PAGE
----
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Ex-Vice President to Join MetWest

Private sector: Al Gore to become vice chairman of L.A.-based investment firm to help spread its reach overseas.


Senator, vice president, journalist--now Al Gore can add investment salesman to his resume.

Metropolitan West Financial Inc., a Los Angeles-based private investment firm with more than $50 billion under management, said Monday that the former vice president will become its vice chairman.

MetWest said Gore will help it develop its international business in Asia and Europe.

Additionally, he will help the company evaluate developing private investment funds in biotechnology and information technology, said Richard Hollander, MetWest's chief executive. And Gore will join the company's executive leadership team.

Gore's greatest value, however, will be his name and his contacts, analysts said.

"His interest in technology is well known. His thinking could prove useful in mapping an investment strategy, and his national and international connections could generate potential deals. The firm's association with Gore will undoubtedly open doors overseas," said Russ Garland, editor of the Venture Capital and Information Technology newsletter.

He's also likely to drum up investors for MetWest ventures, said Eric Flamholtz, a UCLA professor of management.

"Let's say you are trying to get the door open to some wealthy individual who might not be familiar with the investment fund. All they have to do is say, 'How about having lunch with us and Al Gore,"' Flamholtz said.

In the course of political fund-raising, Gore has met hundreds of people of the type who could be potential MetWest clients, giving him a list of contacts that would be the envy of any investment salesman, Flamholtz said.

Additionally, Gore brings his own notoriety and brand equity to the firm, which is not well known outside of the financial community.

"You can look at this as a form of advertising and marketing," Flamholtz said.

MetWest is a holding company that owns multiple investment companies, whose clients range from individuals to companies such as Microsoft Corp. to retirement funds, including CalPERs and the United Methodist Church.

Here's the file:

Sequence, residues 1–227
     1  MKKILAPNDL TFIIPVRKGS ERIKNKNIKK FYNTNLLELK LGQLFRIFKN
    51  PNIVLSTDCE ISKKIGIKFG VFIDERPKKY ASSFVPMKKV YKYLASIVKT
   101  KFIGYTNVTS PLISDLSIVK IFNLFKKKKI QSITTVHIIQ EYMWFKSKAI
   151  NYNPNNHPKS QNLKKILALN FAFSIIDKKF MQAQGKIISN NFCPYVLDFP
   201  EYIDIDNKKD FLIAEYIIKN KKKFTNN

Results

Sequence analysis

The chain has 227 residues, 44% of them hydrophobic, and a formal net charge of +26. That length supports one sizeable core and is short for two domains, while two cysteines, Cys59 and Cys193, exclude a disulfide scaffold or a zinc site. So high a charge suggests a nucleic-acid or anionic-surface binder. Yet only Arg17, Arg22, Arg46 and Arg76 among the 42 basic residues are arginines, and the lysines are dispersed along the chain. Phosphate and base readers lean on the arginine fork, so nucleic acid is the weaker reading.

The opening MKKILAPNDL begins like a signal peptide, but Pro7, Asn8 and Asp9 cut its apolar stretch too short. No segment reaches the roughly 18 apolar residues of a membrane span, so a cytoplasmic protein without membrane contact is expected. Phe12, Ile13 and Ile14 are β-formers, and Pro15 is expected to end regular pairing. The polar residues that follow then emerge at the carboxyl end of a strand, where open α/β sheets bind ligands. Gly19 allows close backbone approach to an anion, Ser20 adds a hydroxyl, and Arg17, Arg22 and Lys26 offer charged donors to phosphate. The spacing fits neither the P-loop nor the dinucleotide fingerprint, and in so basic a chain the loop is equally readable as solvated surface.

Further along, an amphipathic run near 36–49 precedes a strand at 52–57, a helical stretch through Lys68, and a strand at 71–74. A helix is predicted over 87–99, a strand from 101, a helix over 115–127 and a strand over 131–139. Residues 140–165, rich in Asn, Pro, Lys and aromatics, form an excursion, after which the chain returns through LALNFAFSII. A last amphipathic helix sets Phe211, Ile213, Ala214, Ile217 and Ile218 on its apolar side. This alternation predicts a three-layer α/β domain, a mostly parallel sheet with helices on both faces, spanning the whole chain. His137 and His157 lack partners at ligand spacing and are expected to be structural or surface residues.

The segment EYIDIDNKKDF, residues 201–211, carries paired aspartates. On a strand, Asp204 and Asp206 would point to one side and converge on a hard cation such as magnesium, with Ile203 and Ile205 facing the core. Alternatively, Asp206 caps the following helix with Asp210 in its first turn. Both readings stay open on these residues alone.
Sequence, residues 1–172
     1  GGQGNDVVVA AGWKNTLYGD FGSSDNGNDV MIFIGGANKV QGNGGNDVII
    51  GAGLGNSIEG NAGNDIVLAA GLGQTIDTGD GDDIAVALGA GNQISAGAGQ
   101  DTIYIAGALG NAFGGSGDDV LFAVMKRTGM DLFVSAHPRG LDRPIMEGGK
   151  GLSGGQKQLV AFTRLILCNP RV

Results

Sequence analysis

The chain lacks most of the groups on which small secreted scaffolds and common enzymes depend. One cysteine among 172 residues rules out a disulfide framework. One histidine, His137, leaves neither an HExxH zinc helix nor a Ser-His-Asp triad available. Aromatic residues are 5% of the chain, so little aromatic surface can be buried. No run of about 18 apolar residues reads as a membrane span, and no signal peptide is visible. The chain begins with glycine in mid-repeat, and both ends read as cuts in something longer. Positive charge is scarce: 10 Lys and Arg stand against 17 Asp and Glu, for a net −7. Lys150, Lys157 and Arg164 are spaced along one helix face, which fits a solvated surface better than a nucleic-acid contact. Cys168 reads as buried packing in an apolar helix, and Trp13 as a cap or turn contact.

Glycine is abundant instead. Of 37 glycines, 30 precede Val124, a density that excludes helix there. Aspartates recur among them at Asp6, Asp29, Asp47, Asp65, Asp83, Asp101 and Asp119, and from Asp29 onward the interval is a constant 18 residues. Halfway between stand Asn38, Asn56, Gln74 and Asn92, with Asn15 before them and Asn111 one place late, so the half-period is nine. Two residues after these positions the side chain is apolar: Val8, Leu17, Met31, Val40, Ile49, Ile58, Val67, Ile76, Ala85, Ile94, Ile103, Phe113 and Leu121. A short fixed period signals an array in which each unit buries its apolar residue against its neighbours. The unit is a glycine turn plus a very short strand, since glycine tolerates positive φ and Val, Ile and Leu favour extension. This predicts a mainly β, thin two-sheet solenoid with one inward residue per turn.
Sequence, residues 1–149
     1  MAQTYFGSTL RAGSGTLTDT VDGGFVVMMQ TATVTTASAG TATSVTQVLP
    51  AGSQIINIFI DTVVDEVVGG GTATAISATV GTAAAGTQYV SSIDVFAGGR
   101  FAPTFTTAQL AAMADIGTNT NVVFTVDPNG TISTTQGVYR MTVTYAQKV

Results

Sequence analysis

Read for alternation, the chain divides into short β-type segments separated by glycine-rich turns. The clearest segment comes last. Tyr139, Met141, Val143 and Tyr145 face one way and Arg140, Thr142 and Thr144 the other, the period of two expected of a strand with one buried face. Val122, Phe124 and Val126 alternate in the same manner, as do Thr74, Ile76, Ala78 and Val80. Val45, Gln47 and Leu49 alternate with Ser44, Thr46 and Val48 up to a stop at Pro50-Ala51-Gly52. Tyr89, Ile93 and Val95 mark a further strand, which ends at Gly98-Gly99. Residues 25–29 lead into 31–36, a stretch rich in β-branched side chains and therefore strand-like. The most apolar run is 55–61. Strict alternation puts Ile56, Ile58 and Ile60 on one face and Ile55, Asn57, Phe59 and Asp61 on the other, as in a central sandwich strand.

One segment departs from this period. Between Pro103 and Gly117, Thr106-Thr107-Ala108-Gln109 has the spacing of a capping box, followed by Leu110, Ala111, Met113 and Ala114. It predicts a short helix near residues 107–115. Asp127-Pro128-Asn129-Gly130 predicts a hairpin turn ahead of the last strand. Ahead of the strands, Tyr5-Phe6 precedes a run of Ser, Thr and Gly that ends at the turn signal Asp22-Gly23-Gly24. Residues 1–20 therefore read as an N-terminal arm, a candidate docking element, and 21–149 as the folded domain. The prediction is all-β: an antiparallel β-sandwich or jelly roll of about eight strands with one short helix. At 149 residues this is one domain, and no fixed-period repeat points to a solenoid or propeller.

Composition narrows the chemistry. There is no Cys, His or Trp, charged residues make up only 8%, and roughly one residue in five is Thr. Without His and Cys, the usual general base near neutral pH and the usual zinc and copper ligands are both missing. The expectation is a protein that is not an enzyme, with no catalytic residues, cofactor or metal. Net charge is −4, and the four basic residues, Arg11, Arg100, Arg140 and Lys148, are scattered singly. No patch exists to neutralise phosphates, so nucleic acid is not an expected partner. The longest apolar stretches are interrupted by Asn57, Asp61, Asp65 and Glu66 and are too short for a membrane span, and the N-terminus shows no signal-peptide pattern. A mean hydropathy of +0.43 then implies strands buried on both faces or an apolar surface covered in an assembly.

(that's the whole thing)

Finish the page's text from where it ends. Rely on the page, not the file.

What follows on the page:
Hollander declined to disclose what his company planned to pay the former vice president.

Gore said in a statement: "For nearly 25 years, I have worked on business and economic issues from the perspective of a public servant engaged in public policy. I am eager to learn more about business as an active executive of this dynamic and community-oriented company."

How much time he will spend working for the company isn't clear.

Gore will continue teaching at both Fisk University in Nashville and at Middle Tennessee State University in Murfreesboro, Tenn. And he will remain a research professor on family issues at UCLA.

"We didn't hire him to run a portfolio," Hollander said. "We hired him as a thinker rather than someone for the day-to-day operations."

In Washington, political analysts and onetime Gore advisors said his decision to join MetWest reveals more about his desire to earn a handsome paycheck than about his political aspirations.

"He had to go out and make some money, and he needed a job with the flexibility to continue to test the waters" for a potential 2004 presidential bid, said Charles Cook, a Washington-based political commentator. "Clearly he's very interested in running, but not dead set on running."

Marla Romash, a longtime Gore confidant and political consultant, disputed any notion that the former vice president took the job to bolster his private-sector credentials.

"At the end of the day, if Al Gore decides to run for president again, he will put everything aside and devote his heart and soul and energy into that race," Romash said.

It is not unprecedented for a losing presidential candidate to enter the private sector before launching another campaign.

Richard Nixon, who lost the presidency by a razor-thin margin in 1960 to John F. Kennedy, worked for a New York law firm before winning the White House in 1968.


Times staff writer Edwin Chen contributed to this report.

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